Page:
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The Rohingya Are Facing Genocide – Expert Says They Will Face More Crisis if We Do not Respond

On December 23, 2017

Genocide humanitarian Refugees Rohingya

ADHRRF – On the evening of December 22, 2017, Professor John Packer, Director of the Human Rights Research and Education Center (University of Ottawa), gave a lecture at Noor Cultural Center in Toronto on the theme of “Addressing the Rohingya Genocide: What We Can and Must Do,” arguing that the genocide of the Rohingya is a matter of this age, which is in a grim situation, and if we don’t take any action, we’re bound to face more problems. The lecture attracted about 50 people from different fields.

The site of Professor John Packer’s lecture. (Photo: An Xin)

In this lecture, Professor John Packer defined the Rohingya crisis as genocide under the international law. According to related reports, Myanmar’s crackdown on Rohingya has intensified dramatically since the outbreak of religious conflicts between Buddhists and Rohingya Muslims in Rakhine state in 2012. Many international investigations show that the Rohingya are facing the threat of genocide. They have no citizenship or access to basic human rights such as medical treatment, education and work. In the interview, Professor John Packer said, “Over time, the situation’s only gotten worse, so now I’m especially or particularly concerned because it’s really almost final stages of the end of, kind of, ‘slow burning genocide’ some people call it. So that’s why I’m concerned. And I will also say because it’s an issue of our time, it’s in the world, it’s an acute situation, if we do not respond to those situations, we will be doomed to have more of them.”

Professor Packer then made several suggestions on solving the genocide that the Rohingya are facing. He proposed that an analysis should be conducted in accordance with international law to draw a clear conclusion that can clearly and irrevocably articulate what is happening in Myanmar is an gross violation of international human rights, international criminal law and international humanitarian law, that there should not be any opportunities for those bearers of responsibilities to benefit from their position and their enormous benefit from the jade or jewelry trade should be limited, and that life-saving assistance should be provided immediately, which is being done now.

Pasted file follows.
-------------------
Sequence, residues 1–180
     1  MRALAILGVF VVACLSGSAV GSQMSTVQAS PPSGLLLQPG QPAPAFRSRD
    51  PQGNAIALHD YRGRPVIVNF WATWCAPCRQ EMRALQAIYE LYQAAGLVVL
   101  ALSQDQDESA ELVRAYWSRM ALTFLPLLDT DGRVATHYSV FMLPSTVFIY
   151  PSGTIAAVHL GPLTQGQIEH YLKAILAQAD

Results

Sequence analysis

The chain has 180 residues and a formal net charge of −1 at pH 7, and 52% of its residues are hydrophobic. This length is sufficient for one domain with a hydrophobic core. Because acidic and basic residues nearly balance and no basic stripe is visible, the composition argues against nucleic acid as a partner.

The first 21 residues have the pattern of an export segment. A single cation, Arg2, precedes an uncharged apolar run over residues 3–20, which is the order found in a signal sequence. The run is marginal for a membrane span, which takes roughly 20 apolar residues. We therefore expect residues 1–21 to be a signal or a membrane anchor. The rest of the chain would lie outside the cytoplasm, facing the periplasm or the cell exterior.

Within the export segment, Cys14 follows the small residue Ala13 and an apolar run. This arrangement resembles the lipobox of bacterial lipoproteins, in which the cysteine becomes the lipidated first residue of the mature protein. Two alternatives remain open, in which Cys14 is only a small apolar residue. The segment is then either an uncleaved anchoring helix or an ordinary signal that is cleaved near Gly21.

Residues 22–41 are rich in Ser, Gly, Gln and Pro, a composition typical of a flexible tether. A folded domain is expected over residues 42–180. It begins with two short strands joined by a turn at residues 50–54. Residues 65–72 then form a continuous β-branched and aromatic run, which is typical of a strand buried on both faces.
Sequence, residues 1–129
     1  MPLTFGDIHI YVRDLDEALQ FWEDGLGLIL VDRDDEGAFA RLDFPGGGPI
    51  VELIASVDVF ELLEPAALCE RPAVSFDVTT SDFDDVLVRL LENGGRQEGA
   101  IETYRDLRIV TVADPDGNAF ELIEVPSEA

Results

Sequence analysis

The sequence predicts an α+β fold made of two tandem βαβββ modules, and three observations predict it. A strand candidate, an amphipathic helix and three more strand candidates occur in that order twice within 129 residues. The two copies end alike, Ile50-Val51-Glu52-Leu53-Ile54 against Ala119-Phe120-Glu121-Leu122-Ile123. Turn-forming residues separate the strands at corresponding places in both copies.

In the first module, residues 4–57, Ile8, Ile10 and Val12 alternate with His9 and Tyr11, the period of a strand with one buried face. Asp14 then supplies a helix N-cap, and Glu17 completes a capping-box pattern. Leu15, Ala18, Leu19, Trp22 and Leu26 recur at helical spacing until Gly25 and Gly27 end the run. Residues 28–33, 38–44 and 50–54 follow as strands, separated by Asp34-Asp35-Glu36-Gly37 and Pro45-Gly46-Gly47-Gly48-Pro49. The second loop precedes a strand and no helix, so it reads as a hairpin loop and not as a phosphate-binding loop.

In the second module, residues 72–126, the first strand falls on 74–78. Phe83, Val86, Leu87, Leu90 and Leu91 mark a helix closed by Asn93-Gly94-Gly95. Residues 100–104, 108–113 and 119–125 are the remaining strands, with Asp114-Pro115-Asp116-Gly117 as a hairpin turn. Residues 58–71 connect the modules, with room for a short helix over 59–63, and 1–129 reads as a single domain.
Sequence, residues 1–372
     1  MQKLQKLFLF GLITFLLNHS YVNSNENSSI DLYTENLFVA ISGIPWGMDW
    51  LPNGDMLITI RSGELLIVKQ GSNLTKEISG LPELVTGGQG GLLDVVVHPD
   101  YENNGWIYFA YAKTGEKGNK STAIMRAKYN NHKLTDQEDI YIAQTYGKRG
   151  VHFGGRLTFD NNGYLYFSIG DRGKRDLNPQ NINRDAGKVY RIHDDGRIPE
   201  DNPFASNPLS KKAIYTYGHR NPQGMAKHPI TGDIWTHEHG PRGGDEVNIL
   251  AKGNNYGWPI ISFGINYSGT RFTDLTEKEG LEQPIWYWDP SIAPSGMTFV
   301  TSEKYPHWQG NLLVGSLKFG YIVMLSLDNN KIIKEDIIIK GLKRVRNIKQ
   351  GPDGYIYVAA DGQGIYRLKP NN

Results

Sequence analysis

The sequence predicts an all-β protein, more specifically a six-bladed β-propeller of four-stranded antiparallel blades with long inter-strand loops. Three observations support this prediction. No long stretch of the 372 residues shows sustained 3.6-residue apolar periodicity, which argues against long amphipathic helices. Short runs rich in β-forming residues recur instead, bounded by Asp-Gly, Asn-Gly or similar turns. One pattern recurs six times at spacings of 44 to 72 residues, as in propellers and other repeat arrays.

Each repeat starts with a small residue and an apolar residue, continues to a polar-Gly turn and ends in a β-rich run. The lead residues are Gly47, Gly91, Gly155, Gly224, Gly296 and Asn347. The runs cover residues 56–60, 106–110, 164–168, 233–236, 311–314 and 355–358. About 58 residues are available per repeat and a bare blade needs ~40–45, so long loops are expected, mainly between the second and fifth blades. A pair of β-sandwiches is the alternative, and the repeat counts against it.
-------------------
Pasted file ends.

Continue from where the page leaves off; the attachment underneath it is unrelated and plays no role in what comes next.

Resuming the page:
When he was asked what practical measures the Canadian government has taken by now, Professor John Packer answered, “Practically in terms of Canadian government, I’m not sure other than humanitarian. I do know that there have been certain efforts to express concern by our Prime Minister (and) by a special envoy who’s been appointed, who’s investigating the situation and have spoken with Daw Aung San Suu Kyi…. But beyond that, I think Canada’s involvement has been mainly humanitarian, and it’s been substantial on the humanitarian side. That must be recognized and that is a good thing, because there is a humanitarian catastrophe or crisis. Canada is playing a good role on that.”

In addition, it was reported that the deterioration of the Rohingya refugee crisis in Myanmar’s Rakhine state has worsened since the end of this August. So far, over 620,000 people have been displaced and most of them have fled to neighboring Bangladesh, causing a humanitarian disaster. Because of this, the issue of refugees is attracting more and more international social attention. When asked whether the Canadian government would accept Rohingya refugees as Syrian refugees, Professor John Packer replied: “I know that we have accepted over the last number of years a limited number, I understand as many as 4,000 total, in the last 10 years. That’s a small number but it’s significant in terms of the world. I believe Canada will continue to accept in discussions with the High Commissioner for Refugees some repatriation. … I would like that Canada would accept more than they have. And I think they could target some, for example youth, for provision of education and assistance to them.

It is reported that Professor John Packer was assistant to the UN Special Rapporteur on human rights in Myanmar in 1993, during which he visited Rakhine state to investigate the attacks on Rohingya. Since then, he has been in contact with the Rohingya and has participated in the investigation of human rights issues in Myanmar until now.

Professor John Packer is in interview. (Photo: An Xin)

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